Homeschool Essentials

Whether unschooled or highly structured, religious or secular, all homeschools encounter the same challenges. All successful homeschools exhibit the same essential qualities. This weblog will help you understand and apply those qualities, minimize frustration, and enjoy more success sooner.

Saturday, February 05, 2005

Is it Safe to Learn?

Physiological Needs and Learning

As the hierarchy concept would predict, many of children’s earliest learning concerns meeting their physiological needs. At first the child has only crying as a means to communicate every negative experience, whether hunger, cold, discomfort, pain, or fear. Learning to point to the mouth, pat their mother’s breast, speak the word “eat,” make their first peanut butter and jelly sandwich, or grow a garden all arise from, and service the need for nourishment. You can see, through the progression of tasks mentioned, that just as the need to eat does not disappear with the years, neither does it’s power to motivate ever more complex learning.

Learning to speak and communicate aids the child in meeting his own basic needs. So does learning to walk. As time goes on, ever more complex tasks may be addressed and mastered, with the root purpose of meeting needs at this fundamental level. Lack of ability, even brain damage, do not lessen the need to learn, they only make it more difficult, and more urgent. The less we can do to meet our own needs, and the more we must depend upon others, the greater the likelihood that one or more of our needs will go unnoticed and unmet. Learning, a key to survival, becomes as necessary as oxygen or food or warmth.

Lack of physiological needs can block and/or limit learning. Hungry children will be open to learning anything which can bring them food in the short term. Anything else will fade from view, driven away by the need to eat. Cold children may be interested in learning to build a fire, but lack interest in building ice castles. Thirsty children may show no interest in fire-building.

At this level, we recognize the importance of needs, by providing school lunch programs and the like. Somehow, schools and parents alike lose track of the higher levels of needs, and how they affect learning.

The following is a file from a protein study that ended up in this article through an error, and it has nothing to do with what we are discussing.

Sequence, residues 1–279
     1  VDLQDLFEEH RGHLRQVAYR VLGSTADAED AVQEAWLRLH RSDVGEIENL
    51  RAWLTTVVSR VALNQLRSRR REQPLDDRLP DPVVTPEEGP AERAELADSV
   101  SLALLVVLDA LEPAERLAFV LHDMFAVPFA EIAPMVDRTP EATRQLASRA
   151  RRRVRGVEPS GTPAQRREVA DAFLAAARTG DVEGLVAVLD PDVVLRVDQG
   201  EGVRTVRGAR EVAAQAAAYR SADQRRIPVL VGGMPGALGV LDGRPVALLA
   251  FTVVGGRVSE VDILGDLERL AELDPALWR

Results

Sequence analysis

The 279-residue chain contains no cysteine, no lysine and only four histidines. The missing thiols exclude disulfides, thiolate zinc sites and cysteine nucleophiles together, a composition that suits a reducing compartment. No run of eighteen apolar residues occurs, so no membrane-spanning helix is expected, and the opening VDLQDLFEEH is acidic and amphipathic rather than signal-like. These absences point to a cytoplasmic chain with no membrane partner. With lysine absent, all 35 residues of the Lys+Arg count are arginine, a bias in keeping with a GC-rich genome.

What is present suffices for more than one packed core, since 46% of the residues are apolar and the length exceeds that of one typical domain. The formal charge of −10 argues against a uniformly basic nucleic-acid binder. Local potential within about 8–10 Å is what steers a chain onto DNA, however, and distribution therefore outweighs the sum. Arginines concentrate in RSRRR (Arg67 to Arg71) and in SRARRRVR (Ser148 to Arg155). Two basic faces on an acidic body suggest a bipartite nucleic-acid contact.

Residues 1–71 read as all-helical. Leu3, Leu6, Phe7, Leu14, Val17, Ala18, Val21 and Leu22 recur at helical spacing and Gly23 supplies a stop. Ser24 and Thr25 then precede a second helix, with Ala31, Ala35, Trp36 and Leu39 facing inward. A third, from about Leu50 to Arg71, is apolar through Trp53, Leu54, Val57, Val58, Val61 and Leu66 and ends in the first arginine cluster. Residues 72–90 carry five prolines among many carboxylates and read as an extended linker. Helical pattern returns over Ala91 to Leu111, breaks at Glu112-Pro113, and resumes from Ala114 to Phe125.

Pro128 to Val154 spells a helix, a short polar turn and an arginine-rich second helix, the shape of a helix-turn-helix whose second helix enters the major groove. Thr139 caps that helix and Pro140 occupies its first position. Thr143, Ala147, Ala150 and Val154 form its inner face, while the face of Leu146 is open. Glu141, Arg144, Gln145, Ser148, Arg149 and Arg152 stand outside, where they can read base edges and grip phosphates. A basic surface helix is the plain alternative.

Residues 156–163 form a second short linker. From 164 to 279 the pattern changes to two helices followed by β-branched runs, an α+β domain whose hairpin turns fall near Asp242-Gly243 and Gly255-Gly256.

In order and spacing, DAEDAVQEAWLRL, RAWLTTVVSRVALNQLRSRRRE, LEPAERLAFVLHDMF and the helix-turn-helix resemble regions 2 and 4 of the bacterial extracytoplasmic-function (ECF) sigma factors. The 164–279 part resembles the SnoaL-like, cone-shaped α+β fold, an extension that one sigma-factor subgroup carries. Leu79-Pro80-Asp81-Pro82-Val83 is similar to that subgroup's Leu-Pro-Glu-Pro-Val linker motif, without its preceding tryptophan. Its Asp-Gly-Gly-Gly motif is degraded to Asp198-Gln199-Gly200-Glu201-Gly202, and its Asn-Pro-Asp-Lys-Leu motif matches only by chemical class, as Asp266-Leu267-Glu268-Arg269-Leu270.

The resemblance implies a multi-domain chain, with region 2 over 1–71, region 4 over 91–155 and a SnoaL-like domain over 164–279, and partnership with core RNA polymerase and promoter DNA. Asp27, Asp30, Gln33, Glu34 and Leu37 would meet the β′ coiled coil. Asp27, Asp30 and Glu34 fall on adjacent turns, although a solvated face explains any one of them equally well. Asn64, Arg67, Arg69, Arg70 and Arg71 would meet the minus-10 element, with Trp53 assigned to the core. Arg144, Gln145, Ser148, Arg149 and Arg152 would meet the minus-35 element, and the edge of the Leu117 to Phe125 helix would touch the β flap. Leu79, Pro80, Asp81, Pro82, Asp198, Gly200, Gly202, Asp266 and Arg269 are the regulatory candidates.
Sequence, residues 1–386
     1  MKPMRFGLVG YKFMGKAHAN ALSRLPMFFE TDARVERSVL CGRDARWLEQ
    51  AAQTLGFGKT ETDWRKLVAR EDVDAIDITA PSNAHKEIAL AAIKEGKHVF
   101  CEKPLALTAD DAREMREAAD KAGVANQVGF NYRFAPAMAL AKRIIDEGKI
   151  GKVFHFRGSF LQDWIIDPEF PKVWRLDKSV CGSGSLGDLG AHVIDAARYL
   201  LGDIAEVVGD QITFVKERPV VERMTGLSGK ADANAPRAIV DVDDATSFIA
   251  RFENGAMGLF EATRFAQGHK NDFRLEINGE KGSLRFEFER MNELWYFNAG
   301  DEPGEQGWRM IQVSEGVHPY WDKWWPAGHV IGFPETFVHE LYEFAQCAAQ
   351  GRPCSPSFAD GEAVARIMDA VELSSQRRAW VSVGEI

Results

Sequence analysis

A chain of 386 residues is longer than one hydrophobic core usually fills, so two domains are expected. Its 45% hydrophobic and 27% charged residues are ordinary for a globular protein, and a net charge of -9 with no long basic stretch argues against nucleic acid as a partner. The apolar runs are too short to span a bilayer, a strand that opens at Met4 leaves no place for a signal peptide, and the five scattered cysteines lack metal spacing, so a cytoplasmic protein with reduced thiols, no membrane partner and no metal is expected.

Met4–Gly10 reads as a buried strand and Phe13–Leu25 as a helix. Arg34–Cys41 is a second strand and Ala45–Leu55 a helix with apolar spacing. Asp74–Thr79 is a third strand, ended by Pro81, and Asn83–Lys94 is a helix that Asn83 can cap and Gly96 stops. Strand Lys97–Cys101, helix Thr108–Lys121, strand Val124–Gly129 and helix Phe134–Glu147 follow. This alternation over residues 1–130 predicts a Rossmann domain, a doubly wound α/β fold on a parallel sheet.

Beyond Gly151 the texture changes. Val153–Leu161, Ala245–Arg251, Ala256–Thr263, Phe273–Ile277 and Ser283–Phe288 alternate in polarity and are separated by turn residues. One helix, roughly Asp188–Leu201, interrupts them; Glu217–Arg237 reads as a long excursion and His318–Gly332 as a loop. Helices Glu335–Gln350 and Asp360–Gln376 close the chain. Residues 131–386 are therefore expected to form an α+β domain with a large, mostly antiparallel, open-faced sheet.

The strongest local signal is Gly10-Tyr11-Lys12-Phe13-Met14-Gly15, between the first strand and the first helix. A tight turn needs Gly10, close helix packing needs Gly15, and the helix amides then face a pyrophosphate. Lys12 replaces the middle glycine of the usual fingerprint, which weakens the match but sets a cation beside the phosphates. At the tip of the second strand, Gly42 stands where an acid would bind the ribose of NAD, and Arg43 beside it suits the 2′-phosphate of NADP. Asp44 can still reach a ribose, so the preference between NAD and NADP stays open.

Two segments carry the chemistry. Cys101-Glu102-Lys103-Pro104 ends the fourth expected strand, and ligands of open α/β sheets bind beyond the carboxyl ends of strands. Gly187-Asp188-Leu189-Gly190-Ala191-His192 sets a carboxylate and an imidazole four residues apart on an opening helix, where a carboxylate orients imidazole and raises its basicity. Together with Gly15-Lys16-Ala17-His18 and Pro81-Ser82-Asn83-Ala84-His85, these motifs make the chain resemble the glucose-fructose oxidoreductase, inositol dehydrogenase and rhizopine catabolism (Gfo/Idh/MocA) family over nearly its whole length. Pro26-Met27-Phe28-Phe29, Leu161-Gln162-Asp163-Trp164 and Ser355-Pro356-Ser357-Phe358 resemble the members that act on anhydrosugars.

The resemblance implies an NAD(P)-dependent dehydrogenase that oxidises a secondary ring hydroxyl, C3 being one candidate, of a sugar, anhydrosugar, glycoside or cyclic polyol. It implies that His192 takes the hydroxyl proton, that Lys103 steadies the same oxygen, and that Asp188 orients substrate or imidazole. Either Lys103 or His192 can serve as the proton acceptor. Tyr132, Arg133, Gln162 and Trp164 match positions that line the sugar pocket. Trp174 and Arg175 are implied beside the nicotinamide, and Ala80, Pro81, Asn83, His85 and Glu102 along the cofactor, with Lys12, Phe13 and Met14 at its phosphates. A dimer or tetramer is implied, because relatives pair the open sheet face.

Safety Needs and Learning

Meeting physiological needs today raises the possibility of tomorrow. As soon as we can think as far as tomorrow, we want to assure our continued existence. That raises the issue of safety. Perfectly well-fed and clothed people die in accidents and at the hands of others. Meeting physiological needs makes continued existence possible, and allows us to think about increasing the probability, the likelihood, of continued existence. That requires safety.

A stable emotional and psychological atmosphere contribute to the sense of safety, and facilitate learning. Children need both parents, so a two-parent household, where the parents love their children and one another, builds safety, and liberate the children emotionally and psychologically. Conversely domestic abuse, fighting, and divorce make learning more difficult. Illness, financial difficulties, or anything which results in domestic unrest, will inhibit learning.

As mentioned earlier, schools generally ignore these situations until they reach crisis proportions. But we need to recognized that any lack of safety inhibits learning. Demanding that children assume normal learning loads when under stress is unrealistic. Schools do it because they lack knowledge of home conditions, and the lack the time or interest to inquire. Homeschool parents do it to occupy the child and reduce their own stress. Whatever the reason, it reduces safety and runs the risk of turning kids off to learning.

Consistent, understandable rules and loving discipline likewise contribute to the child’s sense of safety. Regularity in meals, bed and rising times contribute to stability. For children, routine, the familiar, the predictable, feels safe, and safety encourages learning. Normal life provides plenty of variety to keep our interest, if we’re open to it.

As safety increases learning, so learning can increase safety. The ability to identify possible threats, and design counter measures increases safety. Learning not to closely approach, hurtful things; learning to use tools (like scissors and hammers) properly; understanding what behaviors provoke violence from others–all these increase the sense of control over the environment, and ability to preserve oneself from danger.

Do not take safety for granted. Parents, teachers, and peer groups often make learning so dangerous that children fear to attempt it. A child’s apparent lack of interest in learning often stems from a lack of safety in the learning environment.

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